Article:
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N ational Drug Intelligence Center. Cover photo NDIC. Printable brochure KB pdf. Other products of interest. National Drug Intelligence Center a component of the U. Department of Justice.
Archived on: January 1, This document may contain dated information. It remains available to provide access to historical materials. The term khat refers to the leaves and young shoots of Catha edulis. The plant has been widely used since the thirteenth century as a recreational drug by the indigenous people of East Africa, the Arabian Peninsula, and the Middle East.
Individuals chew khat leaves because of their stimulant and euphoric effects, which are similar to, but less intense than, those resulting from the abuse of cocaine or methamphetamine. When fresh, khat leaves are glossy and crimson-brown in color, resembling withered basil. Khat leaves typically begin to deteriorate 48 hours after being harvested from the shrub on which they grow.
Deteriorating khat leaves are leathery and turn yellow-green.
Fresh khat typically is chewed and then retained in the cheek and chewed intermittently until the juices are extracted. Dried khat can be brewed into tea or made into a chewable paste.
Less common methods of administering khat are smoking or sprinkling on food. Immediate effects of khat use include increased heart and breathing rates, elevated body temperature and blood pressure, and increased alertness, excitement, energy, and talkativeness. The effects of khat usually last between 90 minutes and 3 hours.
After-effects of khat use include lack of concentration, numbness, and insomnia. The use of khat is accepted within Somali, Ethiopian, and Yemeni cultures; in the United States, khat use is most prevalent among immigrants from those countries. Khat abuse causes psychological dependence, and chronic abuse can lead to behavioral changes and mental health impairment.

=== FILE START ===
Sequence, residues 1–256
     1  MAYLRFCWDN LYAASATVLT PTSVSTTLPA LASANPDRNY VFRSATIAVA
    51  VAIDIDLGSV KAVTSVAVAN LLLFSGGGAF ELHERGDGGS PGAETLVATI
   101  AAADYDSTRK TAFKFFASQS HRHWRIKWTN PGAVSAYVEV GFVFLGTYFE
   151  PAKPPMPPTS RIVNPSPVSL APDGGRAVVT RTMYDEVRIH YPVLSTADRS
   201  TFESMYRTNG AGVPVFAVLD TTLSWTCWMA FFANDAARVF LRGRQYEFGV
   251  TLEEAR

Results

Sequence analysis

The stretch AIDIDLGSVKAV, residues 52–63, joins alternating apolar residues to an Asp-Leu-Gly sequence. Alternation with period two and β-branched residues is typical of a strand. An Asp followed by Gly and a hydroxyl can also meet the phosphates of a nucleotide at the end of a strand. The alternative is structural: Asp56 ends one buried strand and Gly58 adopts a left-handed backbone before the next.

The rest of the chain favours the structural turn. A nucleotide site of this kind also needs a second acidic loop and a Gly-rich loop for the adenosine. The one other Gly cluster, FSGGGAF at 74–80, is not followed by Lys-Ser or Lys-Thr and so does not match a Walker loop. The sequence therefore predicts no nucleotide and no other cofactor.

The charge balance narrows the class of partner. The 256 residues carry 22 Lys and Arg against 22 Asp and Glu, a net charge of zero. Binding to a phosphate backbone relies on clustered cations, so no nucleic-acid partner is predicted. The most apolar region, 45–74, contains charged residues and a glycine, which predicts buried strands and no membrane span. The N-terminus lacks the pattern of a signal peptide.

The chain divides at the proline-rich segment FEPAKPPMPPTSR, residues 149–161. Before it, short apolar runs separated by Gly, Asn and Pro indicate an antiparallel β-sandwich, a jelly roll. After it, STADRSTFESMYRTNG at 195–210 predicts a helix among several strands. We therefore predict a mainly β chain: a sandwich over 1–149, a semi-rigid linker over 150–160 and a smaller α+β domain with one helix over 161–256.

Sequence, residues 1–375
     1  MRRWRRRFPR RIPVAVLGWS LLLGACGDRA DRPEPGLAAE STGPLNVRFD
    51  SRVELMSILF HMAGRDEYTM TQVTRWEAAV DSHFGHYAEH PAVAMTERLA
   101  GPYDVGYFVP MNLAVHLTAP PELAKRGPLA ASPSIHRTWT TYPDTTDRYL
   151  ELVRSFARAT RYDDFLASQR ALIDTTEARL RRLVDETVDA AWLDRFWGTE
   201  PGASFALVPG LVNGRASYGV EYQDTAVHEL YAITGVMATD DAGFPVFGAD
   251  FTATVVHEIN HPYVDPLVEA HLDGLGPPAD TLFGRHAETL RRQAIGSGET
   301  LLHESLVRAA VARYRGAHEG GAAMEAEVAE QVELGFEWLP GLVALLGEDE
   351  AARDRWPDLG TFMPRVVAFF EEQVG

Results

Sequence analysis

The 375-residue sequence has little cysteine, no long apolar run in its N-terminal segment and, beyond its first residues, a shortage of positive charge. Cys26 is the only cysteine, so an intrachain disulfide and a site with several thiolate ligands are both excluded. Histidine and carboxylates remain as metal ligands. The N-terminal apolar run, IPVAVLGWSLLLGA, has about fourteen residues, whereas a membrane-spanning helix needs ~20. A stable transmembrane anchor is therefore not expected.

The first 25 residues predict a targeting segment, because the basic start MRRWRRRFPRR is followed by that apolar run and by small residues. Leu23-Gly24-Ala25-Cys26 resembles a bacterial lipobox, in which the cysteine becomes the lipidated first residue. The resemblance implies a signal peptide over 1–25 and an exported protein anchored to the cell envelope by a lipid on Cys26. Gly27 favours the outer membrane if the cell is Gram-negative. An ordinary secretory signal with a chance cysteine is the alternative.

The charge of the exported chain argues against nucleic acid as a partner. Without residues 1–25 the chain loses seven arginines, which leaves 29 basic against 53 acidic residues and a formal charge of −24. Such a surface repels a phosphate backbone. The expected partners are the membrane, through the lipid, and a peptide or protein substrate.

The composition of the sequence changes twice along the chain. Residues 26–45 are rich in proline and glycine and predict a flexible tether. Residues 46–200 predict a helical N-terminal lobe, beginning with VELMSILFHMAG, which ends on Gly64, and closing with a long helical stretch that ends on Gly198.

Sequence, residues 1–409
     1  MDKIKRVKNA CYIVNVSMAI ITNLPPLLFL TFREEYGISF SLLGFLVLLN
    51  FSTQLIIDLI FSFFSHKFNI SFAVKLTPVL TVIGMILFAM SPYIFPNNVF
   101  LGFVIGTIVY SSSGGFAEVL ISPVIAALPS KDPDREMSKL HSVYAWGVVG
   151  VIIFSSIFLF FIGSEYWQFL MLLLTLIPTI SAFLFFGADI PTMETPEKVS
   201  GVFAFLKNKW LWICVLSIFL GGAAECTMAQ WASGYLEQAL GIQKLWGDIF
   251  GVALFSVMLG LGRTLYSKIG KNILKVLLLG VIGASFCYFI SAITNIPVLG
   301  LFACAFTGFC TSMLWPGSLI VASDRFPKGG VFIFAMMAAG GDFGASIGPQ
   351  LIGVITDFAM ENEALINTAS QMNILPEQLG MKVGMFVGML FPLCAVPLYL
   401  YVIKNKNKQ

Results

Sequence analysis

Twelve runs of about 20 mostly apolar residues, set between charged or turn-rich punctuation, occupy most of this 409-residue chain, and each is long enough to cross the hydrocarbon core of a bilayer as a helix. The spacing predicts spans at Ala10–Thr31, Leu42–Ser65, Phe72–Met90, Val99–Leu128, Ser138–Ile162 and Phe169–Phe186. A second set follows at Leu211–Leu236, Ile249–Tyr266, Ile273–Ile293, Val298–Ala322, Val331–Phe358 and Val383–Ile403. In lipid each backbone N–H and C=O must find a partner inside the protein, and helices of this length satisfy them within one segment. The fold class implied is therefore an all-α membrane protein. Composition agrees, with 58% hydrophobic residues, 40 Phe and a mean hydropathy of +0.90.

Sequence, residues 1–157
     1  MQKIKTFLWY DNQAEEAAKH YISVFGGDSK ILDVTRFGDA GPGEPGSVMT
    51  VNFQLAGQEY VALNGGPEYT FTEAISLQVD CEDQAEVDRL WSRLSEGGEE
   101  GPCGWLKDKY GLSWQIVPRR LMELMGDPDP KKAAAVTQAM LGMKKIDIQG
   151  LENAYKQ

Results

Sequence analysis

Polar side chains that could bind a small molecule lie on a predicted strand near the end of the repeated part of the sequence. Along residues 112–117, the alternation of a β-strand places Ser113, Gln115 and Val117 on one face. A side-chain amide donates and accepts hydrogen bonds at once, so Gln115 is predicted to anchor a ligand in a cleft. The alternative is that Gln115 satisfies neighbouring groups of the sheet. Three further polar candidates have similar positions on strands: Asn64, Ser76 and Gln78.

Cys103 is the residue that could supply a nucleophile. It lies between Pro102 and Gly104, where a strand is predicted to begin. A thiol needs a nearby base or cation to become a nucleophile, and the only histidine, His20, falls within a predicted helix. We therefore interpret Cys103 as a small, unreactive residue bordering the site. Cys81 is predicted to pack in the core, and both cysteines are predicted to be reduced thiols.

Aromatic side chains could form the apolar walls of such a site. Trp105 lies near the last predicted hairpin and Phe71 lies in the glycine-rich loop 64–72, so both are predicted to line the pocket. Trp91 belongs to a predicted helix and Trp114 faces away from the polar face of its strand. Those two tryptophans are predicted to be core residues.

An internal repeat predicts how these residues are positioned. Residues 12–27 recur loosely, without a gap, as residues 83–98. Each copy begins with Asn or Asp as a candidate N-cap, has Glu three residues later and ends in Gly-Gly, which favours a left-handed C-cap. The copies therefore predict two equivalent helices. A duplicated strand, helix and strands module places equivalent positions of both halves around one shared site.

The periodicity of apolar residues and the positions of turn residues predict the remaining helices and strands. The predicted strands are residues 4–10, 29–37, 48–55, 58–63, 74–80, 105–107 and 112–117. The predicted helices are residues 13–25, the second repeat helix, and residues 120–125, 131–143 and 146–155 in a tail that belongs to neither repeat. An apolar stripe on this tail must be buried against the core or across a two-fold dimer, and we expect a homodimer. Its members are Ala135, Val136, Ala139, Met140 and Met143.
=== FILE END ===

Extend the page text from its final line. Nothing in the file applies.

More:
Clinical symptoms include manic behavior with grandiose delusions, violence, suicidal depression, and schizophreniform psychosis characterized by paranoid delusions. Chronic abuse can also produce physical exhaustion, anorexia, periodontal disease, and gastrointestinal illness. There The drug khat no licit use for khat in the United States. Once the plant is harvested, cathinone levels begin to decline; cooling the cut plant material reduces the rate of decline.
In dried or dehydrated khat, also known as Graba, cathinone may be detected for many months or even years.
Cathine, which is about 10 times less The drug khat than cathinone, remains stable in khat after the plant has been harvested. Khat samples in which any level of cathinone is found by chemical analysis are treated as Schedule I plant material. Khat samples in which only cathine is detectable by chemical analysis are treated as Schedule IV plant material. Schedule I drugs under the Controlled Substances Act CSA are classified as having a high potential for abuse, no currently accepted medical use in the United States, and a lack of accepted safety for use of the drug under medical supervision.
Schedule IV drugs under the CSA are classified as having a low potential for abuse relative to the drugs or other substances in Schedule III, a currently accepted medical use in the United States, and abuse of the drug may lead to limited physical dependence or psychological dependence relative to the drugs or other substances in Schedule III. Contacts usdoj.
National Drug Intelligence Center U. Department of Justice Robert F. Product No. November W hat is khat?
What does khat look like? How is khat used? To Top Who uses khat The use of khat is accepted within Somali, Ethiopian, and Yemeni cultures; in the United States, khat use is most prevalent among immigrants from those countries.The drug khat
email: [email protected] - phone:(618) 108-2101 x 9990
Khat drug profile